The public is that group of consumers or citizens who care about the forces that shape their lives and want someone to monitor and report on those forces so that they can act on that knowledge. – Emily Bell’s rigorous definition of ‘the public.’
The future is now. Many of the changes talked about in the last decade as part of the future landscape of journalism have already taken place; much of journalism’s imagined future is now its lived-in present. (Bell 2007) We are adapting to a world where the audience are no longer just passive readers and viewers, but they are users and publishers. Over the last few years journalism has seen the introduction of many new techniques. But, as Bell (2007) puts it: Merely bolting on a few new techniques will not be enough to adapt to the changing ecosystem; taking advantage of access to individuals, crowds and machines will mean changing organizational structure as well.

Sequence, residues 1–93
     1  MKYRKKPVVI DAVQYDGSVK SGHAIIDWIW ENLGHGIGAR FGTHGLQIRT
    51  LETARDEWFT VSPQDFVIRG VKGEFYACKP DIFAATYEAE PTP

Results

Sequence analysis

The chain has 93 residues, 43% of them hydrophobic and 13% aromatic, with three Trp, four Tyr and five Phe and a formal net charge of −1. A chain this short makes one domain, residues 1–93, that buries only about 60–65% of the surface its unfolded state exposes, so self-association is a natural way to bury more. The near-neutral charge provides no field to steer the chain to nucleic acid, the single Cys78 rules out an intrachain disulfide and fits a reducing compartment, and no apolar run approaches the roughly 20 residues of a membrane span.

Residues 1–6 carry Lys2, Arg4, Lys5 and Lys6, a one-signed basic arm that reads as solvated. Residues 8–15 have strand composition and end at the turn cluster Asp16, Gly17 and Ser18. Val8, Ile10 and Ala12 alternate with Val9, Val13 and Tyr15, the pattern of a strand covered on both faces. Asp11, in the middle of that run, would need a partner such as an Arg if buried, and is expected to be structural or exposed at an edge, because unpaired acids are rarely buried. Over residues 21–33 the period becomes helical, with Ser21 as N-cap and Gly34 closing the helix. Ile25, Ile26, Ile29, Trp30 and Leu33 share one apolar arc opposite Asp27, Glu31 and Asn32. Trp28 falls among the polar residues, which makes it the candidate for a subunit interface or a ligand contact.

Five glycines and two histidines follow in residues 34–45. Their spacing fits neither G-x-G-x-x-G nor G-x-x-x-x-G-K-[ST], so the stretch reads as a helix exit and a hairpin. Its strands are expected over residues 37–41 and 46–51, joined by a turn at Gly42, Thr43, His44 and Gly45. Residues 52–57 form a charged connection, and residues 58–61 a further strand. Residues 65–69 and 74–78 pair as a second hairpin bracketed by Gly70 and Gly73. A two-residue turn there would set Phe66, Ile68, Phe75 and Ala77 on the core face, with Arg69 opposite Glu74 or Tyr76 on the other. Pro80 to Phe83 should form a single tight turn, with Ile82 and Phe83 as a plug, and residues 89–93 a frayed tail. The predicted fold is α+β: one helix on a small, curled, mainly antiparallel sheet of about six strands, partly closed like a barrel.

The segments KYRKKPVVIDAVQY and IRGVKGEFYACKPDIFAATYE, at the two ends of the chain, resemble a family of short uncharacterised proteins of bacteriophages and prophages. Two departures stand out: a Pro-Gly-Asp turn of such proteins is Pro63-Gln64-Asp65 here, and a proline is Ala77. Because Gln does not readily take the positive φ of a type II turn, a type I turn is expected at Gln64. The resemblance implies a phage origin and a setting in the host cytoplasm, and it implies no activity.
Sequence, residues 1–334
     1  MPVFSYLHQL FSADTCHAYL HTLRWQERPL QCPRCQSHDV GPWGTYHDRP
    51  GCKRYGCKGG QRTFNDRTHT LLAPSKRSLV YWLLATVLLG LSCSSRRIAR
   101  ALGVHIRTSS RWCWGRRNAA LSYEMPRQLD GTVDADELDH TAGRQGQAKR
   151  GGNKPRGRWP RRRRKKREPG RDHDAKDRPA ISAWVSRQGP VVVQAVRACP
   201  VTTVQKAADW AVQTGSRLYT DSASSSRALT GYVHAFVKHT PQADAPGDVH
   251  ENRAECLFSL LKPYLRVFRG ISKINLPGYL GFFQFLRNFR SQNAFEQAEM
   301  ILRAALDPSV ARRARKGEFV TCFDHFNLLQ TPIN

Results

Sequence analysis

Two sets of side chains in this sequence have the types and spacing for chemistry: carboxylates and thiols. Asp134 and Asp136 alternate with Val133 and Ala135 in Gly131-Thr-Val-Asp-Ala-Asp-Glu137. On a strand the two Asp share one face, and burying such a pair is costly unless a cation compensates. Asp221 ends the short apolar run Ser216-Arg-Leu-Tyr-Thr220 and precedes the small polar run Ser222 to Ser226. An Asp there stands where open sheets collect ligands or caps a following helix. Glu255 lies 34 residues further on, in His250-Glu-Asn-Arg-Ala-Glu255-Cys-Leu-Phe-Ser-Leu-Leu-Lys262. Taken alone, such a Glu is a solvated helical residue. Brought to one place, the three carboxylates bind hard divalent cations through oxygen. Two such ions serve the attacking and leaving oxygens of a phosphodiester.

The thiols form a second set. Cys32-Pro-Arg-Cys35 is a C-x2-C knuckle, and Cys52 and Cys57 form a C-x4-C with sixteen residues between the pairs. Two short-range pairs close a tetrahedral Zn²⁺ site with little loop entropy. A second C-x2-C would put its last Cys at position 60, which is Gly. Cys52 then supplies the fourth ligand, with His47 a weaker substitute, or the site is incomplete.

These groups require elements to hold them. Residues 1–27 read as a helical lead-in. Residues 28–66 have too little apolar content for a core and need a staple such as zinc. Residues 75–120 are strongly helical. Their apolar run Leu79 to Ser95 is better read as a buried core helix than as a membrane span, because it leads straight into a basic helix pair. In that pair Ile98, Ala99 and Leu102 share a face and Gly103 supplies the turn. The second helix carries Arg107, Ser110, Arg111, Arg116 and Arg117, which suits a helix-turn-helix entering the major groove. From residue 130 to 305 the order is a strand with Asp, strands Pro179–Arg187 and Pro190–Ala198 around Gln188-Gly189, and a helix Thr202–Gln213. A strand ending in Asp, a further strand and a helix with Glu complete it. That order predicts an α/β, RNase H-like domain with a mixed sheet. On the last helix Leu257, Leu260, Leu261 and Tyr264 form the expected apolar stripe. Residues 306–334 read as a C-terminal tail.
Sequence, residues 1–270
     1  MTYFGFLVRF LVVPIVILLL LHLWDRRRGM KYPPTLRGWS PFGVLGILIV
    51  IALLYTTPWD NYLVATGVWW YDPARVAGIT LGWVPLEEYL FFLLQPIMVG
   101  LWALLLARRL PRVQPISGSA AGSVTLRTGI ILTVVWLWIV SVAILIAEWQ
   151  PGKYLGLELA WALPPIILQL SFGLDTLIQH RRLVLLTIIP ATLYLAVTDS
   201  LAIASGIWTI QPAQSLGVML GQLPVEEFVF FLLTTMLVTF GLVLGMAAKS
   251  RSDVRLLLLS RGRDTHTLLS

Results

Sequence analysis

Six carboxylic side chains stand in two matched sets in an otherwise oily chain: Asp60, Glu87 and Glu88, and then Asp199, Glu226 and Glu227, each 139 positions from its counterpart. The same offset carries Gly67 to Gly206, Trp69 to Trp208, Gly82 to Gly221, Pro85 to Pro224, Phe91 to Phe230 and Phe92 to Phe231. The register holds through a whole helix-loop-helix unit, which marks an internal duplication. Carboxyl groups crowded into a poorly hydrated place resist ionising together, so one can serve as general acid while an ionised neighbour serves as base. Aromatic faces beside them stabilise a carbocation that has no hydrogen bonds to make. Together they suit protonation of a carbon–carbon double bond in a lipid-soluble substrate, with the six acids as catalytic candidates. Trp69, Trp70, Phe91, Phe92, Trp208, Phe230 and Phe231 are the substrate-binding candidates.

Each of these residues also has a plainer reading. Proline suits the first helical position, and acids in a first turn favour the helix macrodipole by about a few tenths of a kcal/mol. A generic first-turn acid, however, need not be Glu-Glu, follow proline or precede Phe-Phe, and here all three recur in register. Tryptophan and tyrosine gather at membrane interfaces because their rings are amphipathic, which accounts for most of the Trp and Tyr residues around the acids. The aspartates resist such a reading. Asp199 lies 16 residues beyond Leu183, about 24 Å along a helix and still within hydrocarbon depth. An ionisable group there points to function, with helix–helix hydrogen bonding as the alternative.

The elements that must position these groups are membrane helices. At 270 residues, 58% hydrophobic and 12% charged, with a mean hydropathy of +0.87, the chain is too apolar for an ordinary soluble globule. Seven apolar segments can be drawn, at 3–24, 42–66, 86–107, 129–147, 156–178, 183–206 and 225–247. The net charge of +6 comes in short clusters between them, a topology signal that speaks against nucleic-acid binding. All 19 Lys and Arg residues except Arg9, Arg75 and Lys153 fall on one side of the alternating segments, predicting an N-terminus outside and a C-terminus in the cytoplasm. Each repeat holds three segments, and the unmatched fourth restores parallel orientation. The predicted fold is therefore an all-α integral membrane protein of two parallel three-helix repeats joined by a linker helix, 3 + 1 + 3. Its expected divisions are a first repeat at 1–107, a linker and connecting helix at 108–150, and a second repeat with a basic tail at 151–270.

A small start up that has tackled the traditional organisational structure completely, is TRAC FM. This free, cloud based software platform uses radio and SMS in Uganda to track citizen reports and collect citizen feedback. In this case the public is given an active role in the production of news. Basically, they are the ones monitoring and reporting on themselves. It’s a strong technique for collecting data and engaging citizens, it provides an opportunity for local NGO’s to perform fact driven data journalism. A weakness would be, that this also provides a gateway for anyone to spread ‘useless’ or ‘fake’ information. And thus, fake news, stays one of journalism’s biggest threats.
Bell, Emily 2007: “The Future: Journalism and Media as Post-Industries” – Tow center for digital journalism.